119:10 not wander. With far less self-confidence than before his cleansing through the Word, the young man realizes his deep dependence on the Lord, on prayer, and on the Word, calling out for strength not to “wander” away from God’s written will.
119:11 hid in mine heart. How vitally important it is to memorize Scripture, hiding God’s Word in both heart and mind, if we are to have daily victory over sin in our lives. Here the “young man” uses the eighth and final word for the Scriptures in this psalm, Hebrew imrah, again translated simply by “word,” thus emphasizing not just a concept or thought but the very words of God.
119:16 thy word. This is the eighth (and last) verse of the psalmist’s second stanza, again emphasizing the “Word” (dabar). The same word is again used in the first verse of the succeeding stanza. The reason why each stanza has eight lines is here becoming evident, for the Word of God is not only the Scriptures but also is Christ Himself (John 1:1-3,14). “Eight” is the number after “seven,” the number of completeness, so it always suggests a new beginning, and is especially associated with Jesus Christ in His resurrection on the “eighth” day. It is noteworthy that there are eight combinations of His name found in the New Testament (“Lord,” “Jesus,” “Christ,” “Lord Jesus,” “Lord Jesus Christ,” “Jesus Christ,” “Christ Jesus,” and “Lord Christ”). The gematria (numerical value of the Greek letters) in “Jesus” is 888, whereas that of the antichrist will be 666. The gematria of “Lord” is 800 and of “Christ” is “8 x 185.” All combinations are multiples of “8.”
119:17 that I may live. Again dabar (“word”) is used, and associated, quite significantly, with “living.” As the number of “new life,” through the “living Word,” the number “eight” is impressed in the whole structure of Psalm 119, each stanza consisting of eight verses. It is noteworthy that there were eight individuals (not including Christ and those raised with Him at His resurrection) who were raised from the dead, as recorded in Scripture: three in the Old Testament (I Kings 17:22; II Kings 4:34,35; II Kings 13:21), three by Christ (Matthew 9:24,25; Luke 7:15; John 11:44), one through Peter (Acts 9:40-41), and one through Paul (Acts 20:9-12). Dabar (“word”) in this psalm seems associated mainly with cleansing and new life (Psalm 119:9,17), imrah (“word”) with victory over sin (Psalm 119:11).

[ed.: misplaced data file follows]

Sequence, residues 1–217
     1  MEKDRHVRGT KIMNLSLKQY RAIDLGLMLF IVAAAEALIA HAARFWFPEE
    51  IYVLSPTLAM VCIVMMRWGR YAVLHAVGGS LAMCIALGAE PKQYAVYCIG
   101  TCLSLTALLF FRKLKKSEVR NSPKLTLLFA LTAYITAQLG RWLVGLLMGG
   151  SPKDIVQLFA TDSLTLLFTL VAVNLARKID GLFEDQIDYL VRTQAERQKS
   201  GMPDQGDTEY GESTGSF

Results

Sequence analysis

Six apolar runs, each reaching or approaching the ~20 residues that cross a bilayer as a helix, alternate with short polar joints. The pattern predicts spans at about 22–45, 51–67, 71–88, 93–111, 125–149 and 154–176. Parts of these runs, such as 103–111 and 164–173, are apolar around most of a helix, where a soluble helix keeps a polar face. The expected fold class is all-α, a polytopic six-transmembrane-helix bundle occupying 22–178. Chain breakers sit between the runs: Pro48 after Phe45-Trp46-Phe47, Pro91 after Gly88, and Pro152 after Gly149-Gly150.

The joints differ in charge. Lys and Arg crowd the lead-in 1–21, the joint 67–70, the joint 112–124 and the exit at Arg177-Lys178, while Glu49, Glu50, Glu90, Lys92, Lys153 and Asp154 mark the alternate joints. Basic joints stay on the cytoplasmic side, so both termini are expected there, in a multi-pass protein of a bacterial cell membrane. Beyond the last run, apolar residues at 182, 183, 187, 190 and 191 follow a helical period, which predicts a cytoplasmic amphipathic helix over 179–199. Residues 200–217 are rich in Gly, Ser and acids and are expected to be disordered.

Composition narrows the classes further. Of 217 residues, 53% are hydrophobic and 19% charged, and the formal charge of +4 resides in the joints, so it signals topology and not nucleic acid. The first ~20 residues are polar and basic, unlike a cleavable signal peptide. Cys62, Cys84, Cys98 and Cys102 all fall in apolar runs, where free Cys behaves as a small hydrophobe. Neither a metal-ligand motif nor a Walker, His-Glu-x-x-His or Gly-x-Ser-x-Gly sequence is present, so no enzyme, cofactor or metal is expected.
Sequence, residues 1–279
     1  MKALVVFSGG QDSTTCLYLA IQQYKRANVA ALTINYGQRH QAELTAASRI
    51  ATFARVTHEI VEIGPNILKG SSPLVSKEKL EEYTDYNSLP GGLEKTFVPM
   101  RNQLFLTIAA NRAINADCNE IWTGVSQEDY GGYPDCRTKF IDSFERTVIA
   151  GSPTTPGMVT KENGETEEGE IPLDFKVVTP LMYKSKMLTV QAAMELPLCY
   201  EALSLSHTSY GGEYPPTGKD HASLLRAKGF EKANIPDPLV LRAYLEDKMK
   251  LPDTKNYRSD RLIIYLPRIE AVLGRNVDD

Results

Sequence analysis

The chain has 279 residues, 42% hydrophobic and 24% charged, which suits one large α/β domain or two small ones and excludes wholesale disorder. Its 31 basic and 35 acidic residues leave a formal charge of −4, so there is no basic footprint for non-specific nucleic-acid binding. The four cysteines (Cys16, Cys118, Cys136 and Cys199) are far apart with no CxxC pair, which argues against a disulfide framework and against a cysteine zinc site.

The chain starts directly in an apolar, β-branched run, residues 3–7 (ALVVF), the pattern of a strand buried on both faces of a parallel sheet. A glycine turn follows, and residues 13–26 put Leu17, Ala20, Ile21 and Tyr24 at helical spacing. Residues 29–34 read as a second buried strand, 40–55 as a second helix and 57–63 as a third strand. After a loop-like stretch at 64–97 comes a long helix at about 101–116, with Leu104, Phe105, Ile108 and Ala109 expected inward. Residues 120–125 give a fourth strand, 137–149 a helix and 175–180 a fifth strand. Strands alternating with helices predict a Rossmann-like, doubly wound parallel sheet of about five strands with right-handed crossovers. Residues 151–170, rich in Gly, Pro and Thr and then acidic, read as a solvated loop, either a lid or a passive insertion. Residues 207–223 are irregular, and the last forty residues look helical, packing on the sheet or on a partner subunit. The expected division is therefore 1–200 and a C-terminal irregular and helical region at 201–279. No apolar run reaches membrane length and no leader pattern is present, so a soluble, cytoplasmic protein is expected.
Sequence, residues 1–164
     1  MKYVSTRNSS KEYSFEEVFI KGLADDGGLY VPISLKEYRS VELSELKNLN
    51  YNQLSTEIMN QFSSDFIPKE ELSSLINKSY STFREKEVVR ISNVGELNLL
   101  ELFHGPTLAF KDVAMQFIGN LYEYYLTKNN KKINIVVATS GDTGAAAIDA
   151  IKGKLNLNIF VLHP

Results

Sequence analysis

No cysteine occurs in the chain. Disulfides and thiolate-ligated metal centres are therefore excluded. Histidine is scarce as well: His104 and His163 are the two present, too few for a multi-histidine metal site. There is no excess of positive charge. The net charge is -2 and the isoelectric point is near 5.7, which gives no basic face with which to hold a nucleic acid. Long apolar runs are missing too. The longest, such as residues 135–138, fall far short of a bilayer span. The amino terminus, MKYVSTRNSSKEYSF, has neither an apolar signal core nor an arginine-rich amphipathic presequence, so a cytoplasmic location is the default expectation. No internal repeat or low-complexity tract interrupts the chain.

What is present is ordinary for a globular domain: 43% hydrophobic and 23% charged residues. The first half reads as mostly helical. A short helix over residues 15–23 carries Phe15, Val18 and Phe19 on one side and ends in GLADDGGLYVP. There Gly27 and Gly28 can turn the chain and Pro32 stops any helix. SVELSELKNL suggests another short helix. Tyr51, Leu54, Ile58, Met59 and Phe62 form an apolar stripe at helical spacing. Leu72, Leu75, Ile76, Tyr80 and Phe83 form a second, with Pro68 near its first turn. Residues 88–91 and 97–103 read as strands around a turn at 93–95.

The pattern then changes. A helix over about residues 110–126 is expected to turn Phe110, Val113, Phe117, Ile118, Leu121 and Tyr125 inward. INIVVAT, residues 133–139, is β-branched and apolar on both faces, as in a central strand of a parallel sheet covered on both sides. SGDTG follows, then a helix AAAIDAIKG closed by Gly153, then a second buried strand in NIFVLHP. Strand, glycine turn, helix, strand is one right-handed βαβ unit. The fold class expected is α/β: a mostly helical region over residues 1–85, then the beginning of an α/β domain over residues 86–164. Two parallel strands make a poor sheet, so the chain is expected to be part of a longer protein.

119:18 wondrous things. Here “law” is used for the second time (first in Psalm 119:1), and again refers to the whole Old Testament and from our perspective to the whole Bible. The adjective “wondrous” is often applied to God’s mighty miracles, in Egypt and other places. This would indicate that there are many evidences of supernatural inspiration and divine origin that can be gleaned from the Scriptures, if only one’s spiritual eyes are open to see them as we search the Scriptures.